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What impacted the Aussie dollar in 2019?

27th December 2019

2019 was a big year. Old Town road was released, another Royal Baby was born, China landed on the dark side of the moon, the Notre Dam and a massive chunk of the Amazon burned down, the first all-women spacewalk took place, the internet decided to storm Area 51, and everyone became obsessed with baby Yoda. As I said, it was a big year that was filled with good, the bad, the ugly and the inspiring. 

As we reflect on the year that was, we wanted to see how the little Aussie battler, or AUD, fared in 2019. While each week brought new social, political and economic factors that influenced the Aussie dollar, a few key themes held steady and had the most significant impact on our currency. 

Before we dive into those themes a little more, let’s take a look at where the AUD sat on December 1 compared to January 1, 2019. This gives an excellent idea of the general movement of the Aussie dollar relative to key global currencies. It’s important to remember, though, that 11 months worth of data happened between these two figures so there were plenty of peaks and troughs that are not shown by this final figure. 



Value January 1 2019

Value December 1 2019

Difference when exchanging 2000 AUD




-55.60 USD




-56.80 GBP




-6,260.20 JPY




-6.20 EUR




-119.40 CAD




+4.40 NZD




-69.60 SGD


Unfortunately for travellers, the Aussie dollar has dropped in value against most major currencies throughout 2019. While there were definitely peaks higher than the final value, the overall trend is downward pressure on the value of the Aussie dollar. So, why is this the case? What is decreasing the value of our precious travel money?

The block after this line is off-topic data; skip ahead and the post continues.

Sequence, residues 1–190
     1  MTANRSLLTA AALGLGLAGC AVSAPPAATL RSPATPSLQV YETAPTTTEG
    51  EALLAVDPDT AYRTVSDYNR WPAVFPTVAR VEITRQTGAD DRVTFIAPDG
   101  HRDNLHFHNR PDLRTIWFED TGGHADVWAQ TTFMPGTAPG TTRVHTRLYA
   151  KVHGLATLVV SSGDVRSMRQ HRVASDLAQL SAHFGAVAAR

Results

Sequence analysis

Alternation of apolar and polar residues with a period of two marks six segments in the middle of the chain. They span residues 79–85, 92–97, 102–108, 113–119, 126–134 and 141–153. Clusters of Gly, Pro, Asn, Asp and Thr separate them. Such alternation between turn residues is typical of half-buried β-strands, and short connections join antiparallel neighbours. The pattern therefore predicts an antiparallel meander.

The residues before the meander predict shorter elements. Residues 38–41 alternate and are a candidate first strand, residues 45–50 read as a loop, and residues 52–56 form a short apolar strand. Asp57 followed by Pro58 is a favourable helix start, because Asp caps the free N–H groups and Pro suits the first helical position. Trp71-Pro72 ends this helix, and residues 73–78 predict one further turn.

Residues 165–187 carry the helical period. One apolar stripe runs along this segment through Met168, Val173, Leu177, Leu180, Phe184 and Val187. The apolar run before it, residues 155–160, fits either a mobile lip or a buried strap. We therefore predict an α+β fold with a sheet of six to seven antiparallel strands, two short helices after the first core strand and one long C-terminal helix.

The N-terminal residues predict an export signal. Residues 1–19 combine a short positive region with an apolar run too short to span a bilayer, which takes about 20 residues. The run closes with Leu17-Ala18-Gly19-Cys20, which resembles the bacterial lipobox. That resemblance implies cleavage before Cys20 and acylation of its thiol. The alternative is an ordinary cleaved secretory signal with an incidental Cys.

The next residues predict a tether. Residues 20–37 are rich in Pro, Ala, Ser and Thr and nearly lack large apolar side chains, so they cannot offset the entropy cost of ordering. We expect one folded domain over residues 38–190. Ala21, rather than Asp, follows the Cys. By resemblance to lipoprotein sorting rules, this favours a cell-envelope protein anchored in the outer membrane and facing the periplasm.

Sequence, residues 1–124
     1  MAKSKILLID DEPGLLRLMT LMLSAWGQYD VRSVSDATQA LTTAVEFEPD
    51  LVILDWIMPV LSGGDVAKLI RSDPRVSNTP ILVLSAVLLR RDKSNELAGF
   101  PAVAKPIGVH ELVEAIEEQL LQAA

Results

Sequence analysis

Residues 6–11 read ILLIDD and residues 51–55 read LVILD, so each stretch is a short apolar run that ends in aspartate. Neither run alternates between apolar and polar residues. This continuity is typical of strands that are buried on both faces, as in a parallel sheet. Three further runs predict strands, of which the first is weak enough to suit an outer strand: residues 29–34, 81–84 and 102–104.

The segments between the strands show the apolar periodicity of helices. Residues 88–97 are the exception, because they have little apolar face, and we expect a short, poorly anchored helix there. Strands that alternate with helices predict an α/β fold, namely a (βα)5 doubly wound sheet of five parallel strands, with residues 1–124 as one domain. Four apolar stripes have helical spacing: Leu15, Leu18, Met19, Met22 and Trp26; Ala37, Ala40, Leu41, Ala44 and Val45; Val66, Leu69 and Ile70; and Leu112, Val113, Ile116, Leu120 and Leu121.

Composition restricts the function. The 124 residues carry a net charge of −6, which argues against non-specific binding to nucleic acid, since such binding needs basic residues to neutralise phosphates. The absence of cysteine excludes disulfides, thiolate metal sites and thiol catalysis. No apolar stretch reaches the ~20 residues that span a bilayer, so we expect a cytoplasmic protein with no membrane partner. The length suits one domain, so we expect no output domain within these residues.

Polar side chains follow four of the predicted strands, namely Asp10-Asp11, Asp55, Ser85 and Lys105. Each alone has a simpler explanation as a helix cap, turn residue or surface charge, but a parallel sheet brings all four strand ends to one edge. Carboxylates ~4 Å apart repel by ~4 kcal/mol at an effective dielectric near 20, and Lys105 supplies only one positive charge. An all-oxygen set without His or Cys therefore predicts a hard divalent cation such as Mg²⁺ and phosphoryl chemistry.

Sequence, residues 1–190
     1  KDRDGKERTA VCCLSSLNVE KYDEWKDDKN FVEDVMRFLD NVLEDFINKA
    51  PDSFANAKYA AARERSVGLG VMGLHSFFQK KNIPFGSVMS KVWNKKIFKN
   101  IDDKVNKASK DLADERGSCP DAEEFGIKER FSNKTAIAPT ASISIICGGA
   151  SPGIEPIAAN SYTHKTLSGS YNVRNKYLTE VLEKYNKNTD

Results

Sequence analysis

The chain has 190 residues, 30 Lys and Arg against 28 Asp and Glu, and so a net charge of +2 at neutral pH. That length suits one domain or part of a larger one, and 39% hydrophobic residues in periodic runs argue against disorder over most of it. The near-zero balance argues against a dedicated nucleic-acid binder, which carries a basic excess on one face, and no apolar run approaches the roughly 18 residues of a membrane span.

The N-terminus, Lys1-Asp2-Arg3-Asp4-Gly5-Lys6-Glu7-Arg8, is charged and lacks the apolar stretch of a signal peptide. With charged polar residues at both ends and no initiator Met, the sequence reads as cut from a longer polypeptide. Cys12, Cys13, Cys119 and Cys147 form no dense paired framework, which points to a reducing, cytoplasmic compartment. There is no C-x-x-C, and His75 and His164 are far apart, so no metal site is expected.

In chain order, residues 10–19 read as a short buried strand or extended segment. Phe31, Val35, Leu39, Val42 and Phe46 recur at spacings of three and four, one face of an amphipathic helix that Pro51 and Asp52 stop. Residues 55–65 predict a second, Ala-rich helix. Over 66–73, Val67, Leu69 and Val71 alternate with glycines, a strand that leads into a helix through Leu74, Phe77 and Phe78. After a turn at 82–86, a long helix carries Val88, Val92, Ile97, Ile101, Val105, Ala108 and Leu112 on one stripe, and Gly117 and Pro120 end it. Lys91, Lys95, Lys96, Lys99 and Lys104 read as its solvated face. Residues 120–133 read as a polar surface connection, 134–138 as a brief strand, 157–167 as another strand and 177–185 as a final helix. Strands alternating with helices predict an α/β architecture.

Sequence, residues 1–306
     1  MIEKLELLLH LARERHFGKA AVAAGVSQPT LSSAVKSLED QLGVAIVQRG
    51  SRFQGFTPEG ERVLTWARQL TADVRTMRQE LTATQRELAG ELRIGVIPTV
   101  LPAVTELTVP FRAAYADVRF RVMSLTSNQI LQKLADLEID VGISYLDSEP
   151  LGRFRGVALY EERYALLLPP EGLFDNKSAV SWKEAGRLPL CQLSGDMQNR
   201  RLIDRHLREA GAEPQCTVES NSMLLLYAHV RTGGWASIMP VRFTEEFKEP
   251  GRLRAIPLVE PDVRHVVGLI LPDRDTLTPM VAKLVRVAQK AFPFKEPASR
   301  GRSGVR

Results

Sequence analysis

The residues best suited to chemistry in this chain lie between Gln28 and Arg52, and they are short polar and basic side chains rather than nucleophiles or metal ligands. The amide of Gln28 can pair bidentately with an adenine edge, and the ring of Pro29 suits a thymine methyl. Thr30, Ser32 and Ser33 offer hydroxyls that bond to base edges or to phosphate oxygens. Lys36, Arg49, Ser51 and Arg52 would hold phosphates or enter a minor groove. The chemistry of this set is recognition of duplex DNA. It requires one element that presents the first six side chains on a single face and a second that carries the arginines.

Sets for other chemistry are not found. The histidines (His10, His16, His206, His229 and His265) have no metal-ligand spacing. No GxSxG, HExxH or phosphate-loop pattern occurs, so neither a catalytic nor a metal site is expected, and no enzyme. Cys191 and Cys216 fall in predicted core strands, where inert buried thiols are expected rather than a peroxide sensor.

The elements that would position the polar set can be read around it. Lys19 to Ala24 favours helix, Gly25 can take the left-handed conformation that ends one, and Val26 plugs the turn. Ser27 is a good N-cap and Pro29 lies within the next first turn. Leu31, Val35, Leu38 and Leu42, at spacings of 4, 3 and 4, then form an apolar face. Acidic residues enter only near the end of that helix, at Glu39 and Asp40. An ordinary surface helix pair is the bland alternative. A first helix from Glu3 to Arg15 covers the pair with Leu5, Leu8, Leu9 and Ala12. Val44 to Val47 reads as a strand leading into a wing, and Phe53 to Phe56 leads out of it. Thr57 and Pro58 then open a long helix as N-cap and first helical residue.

Biggest themes impacting the Aussie dollar in 2019 

Australian Federal election

Scott Morrison’s unexpected Liberal party win at the Federal election on May 18 put upward pressure on the value of the Aussie dollar, taking it from 0.6696 USD to 0.6778 USD overnight. This might not sound like much, but if you were exchanging 2000 AUD to USD, you would have taken home an extra USD 16.40 after the election. 

The Labour party was a shoo-in for the win, and markets responded in the AUD’s favour when ScoMo took home the victory. His policies heightened business confidence at the time. If only the economy had maintained this enthusiasm… which leads us to the next point. 

Slowing Australian economy

Throughout 2019, the domestic economy has witnessed a significant slowdown. If we take a look at some of the key economic indicators that feed into foreign currency, it is understandable why the Aussie dollar is down since January. 

  • Inflation. The goal set by the Reserve Bank of Australia (RBA) is 2-3%. Q1 19 inflation sat at 1.8%, dipped to 1.3% in Q2 and now sits at 1.7% for Q4.
  • NAB business confidence. At the beginning of the year consumer confidence in the economy came in at a score of 3, it dipped significantly to -0.1 in March, rose to 7 in May and finished at 0 in November. Consumer confidence was significantly impacted by both domestic and international affairs and is a good indication of how Aussies feel about the economy and their willingness to spend money. Unemployment. The unemployment rate is important as it directly impacts wage growth and, in turn, the amount of money that people are spending and injecting into the economy. The RBA has a goal of ‘full employment’, and the current unemployment rate of 5.2% is a long way off that goal. There isn’t a definite figure as to what ‘full employment’ looks like, but at this stage, it sits somewhere around 4.5%.